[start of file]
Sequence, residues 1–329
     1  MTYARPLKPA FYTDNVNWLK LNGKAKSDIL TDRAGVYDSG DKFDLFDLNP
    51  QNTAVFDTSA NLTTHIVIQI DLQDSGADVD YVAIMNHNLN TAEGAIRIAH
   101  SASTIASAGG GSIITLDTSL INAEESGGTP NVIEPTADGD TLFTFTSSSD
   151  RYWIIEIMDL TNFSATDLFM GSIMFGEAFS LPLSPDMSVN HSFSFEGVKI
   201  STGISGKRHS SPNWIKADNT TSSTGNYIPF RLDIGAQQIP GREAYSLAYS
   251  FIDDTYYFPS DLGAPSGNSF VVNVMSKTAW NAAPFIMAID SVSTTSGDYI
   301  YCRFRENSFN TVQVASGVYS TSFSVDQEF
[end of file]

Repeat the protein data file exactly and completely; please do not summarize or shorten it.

Sequence, residues 1–329
     1  MTYARPLKPA FYTDNVNWLK LNGKAKSDIL TDRAGVYDSG DKFDLFDLNP
    51  QNTAVFDTSA NLTTHIVIQI DLQDSGADVD YVAIMNHNLN TAEGAIRIAH
   101  SASTIASAGG GSIITLDTSL INAEESGGTP NVIEPTADGD TLFTFTSSSD
   151  RYWIIEIMDL TNFSATDLFM GSIMFGEAFS LPLSPDMSVN HSFSFEGVKI
   201  STGISGKRHS SPNWIKADNT TSSTGNYIPF RLDIGAQQIP GREAYSLAYS
   251  FIDDTYYFPS DLGAPSGNSF VVNVMSKTAW NAAPFIMAID SVSTTSGDYI
   301  YCRFRENSFN TVQVASGVYS TSFSVDQEF